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U.S. Attorney Klinefeldt and Iowa AG Miller Form the Iowa Mortgage Fraud Working Group

NationalMortgageProfessional.com
Dec 20, 2010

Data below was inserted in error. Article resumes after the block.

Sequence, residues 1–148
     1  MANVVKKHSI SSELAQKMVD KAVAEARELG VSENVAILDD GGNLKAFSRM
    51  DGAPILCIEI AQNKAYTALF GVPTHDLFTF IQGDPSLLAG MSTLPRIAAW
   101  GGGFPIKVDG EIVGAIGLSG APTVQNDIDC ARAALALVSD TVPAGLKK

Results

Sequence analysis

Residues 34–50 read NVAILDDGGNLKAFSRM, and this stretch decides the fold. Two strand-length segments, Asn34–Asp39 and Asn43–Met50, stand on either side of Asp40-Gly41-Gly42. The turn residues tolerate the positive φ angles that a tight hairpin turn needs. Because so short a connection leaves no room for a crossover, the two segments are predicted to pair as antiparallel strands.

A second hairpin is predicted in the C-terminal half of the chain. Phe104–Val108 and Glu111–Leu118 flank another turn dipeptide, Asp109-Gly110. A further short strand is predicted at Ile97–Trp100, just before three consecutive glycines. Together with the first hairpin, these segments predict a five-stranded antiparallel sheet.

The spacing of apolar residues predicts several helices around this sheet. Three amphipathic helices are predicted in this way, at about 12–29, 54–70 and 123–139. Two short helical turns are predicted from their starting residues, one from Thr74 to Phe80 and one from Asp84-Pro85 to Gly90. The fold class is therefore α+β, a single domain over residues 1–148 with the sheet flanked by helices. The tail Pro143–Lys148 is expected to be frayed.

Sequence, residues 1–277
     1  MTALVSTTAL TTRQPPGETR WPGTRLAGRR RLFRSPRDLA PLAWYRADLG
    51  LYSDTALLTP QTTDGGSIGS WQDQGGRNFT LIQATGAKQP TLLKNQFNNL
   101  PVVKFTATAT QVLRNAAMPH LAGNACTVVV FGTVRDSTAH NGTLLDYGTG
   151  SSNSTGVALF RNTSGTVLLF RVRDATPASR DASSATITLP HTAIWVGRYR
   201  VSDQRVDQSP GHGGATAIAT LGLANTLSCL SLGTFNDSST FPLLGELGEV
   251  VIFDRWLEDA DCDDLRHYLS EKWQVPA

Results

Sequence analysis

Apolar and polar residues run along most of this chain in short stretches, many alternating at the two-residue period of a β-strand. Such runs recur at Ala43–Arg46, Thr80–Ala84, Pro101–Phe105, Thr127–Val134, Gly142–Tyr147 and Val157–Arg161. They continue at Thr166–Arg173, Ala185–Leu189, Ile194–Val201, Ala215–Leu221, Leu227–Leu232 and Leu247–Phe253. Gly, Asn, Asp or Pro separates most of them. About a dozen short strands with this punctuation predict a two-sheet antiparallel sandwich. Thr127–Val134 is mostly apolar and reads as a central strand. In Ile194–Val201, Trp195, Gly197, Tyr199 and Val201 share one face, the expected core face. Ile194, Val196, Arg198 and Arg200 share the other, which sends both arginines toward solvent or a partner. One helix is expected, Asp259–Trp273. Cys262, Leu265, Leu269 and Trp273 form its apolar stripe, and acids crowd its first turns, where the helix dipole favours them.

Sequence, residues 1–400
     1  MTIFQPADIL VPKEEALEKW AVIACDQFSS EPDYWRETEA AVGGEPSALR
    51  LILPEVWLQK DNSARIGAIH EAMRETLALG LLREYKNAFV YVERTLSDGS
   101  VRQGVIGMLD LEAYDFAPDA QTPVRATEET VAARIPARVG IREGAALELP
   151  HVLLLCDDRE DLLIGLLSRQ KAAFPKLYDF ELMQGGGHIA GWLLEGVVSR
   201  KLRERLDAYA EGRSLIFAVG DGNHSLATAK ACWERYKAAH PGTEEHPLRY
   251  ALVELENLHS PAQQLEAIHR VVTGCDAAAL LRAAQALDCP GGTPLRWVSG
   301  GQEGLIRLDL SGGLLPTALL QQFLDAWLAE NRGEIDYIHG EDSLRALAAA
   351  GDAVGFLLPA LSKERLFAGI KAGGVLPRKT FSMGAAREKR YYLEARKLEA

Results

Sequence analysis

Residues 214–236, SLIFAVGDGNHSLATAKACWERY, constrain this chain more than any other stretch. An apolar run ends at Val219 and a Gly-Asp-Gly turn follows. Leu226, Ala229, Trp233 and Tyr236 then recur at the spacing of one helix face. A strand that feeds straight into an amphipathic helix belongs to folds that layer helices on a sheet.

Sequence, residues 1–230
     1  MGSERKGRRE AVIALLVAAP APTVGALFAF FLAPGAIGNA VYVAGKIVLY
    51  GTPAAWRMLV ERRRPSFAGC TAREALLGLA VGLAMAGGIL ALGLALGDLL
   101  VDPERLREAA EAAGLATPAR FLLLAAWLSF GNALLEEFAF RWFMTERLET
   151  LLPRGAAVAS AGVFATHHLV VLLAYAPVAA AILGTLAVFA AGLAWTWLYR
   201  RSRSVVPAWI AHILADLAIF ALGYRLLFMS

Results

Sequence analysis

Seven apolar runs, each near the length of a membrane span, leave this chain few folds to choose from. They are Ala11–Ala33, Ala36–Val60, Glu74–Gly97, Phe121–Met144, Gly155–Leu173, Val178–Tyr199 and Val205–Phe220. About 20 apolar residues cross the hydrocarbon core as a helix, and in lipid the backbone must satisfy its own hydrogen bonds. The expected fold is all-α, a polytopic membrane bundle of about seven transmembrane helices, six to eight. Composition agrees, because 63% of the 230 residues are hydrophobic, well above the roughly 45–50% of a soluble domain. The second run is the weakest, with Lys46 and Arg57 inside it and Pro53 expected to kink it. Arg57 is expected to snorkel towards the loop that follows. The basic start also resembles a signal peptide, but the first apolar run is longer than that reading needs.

U.S. Attorney Nick Klinefeldt and Iowa Attorney General Tom Miller have announced the creation of the Iowa Mortgage Fraud Working Group. The working group will identify and investigate targets for criminal prosecution in the Southern District of Iowa and perform other important functions in the fight against mortgage fraud. Klinefeldt and Miller said they expect the working group to effectively and efficiently protect the public from mortgage fraud and ensure that wrongdoers are brought to justice. The working group combines the civil expertise of the Attorney General in the mortgage industry with the criminal expertise of the United States Attorney. On the federal level, the working group will utilize the investigative expertise of agencies such as the Federal Bureau of Investigation (FBI) and U.S. Department of Housing & Urban Development--Office of Inspector General (HUD-OIG). Other federal agencies that may participate in the working group include the Secret Service, Internal Revenue Service, United States Postal Inspection Service, and Social Security Administration. On the state level, the working group includes attorneys and investigators with the Attorney General’s Consumer Protection Division, as well as the Iowa Division of Banking. Miller is currently leading a nationwide mortgage foreclosure investigation, in conjunction with 50 state attorneys general and state banking and mortgage regulators in more than three dozen states. The effort began with inquiries into so-called “robosigning” practices by several mortgage companies, and has since broadened into identifying and addressing additional alleged improper foreclosure practices. For the past three years, Miller has also lead more than a dozen state attorneys general and state banking regulators in the State Foreclosure Prevention Working Group, which has monitored foreclosure data and has recommended and helped implement foreclosure prevention efforts. In addition, Miller helped launch Iowa’s Mortgage Help Hotline, which helps consumers facing foreclosure. Miller has also pursued several mortgage fraud cases against companies and individuals who have tried to take advantage of Iowans. “This new partnership between my office and the United States Attorney’s office will help us take some of the most egregious mortgage fraud cases to the next level,” said Miller. “There are some situations where civil enforcement efforts simply are not enough to punish the wrongdoers. We look forward to working with the United States Attorney to ensure that criminal enforcement tools are also available.” Klinefeldt said the partnership with the Attorney General will have an immediate impact on the effectiveness of federal efforts to combat mortgage fraud. “Attorney General Miller has been a nationwide leader in using civil enforcement tools to combat mortgage fraud,” said Klinefeldt. “This relationship will allow federal prosecutors and investigators to obtain the benefit of the experiences of the Attorney General, get leads on new cases, and refer cases back to the state in instances where federal criminal prosecution is not warranted but state civil or criminal enforcement efforts might be.” The United States Attorney has prosecuted numerous criminal cases in the Southern District of Iowa involving mortgage fraud. This year alone, the United States Attorney has prosecuted lawyers, real estate agents, mortgage brokers, bank officers, and borrowers for their roles in mortgage fraud schemes. Klinefeldt said he expects the relationship with the Attorney General to result in the prosecution of even more criminal mortgage fraud cases. “Our standards for deciding who to criminally prosecute will remain as high as ever,” Klinefeldt said. “But we expect the partnership with the Attorney General to result in finding more targets whose conduct satisfies those high standards.” The FBI has typically taken the lead in federal investigations of mortgage fraud in the Southern District of Iowa. Klinefeldt said HUD-OIG also has become heavily involved in investigating mortgage fraud in the area. Both agencies will play key roles in the working group. Miller and Klinefeldt said the working group will meet regularly and perform several important functions. First, the members of the group will share information regarding complaints from consumers and persons in the mortgage industry about possible mortgage fraud schemes. This will allow state and federal investigators to identify possible targets for criminal prosecution and ensure that investigative efforts are not being unnecessarily duplicated. Second, when feasible, state investigators will participate directly in federal criminal investigations and prosecutions. Even when direct participation is not an option, the working group will allow state mortgage industry experts to provide background information and resources to federal prosecutors and investigators regarding mortgage industry practices and procedures. Third, the group will educate the public regarding fraudulent schemes in the mortgage industry and provide guidance to consumers about how to avoid becoming victims of mortgage fraud. The group also will work with mortgage industry participants to find the most effective ways to prevent mortgage fraud. The criminal penalties associated with mortgage fraud vary according to the particular charge, but the most common federal charges (bank fraud, wire fraud, mail fraud, and false statements to a bank) carry maximum terms of imprisonment of 30 years and fines of up to $1 million. For more information, visit www.state.ia.us.
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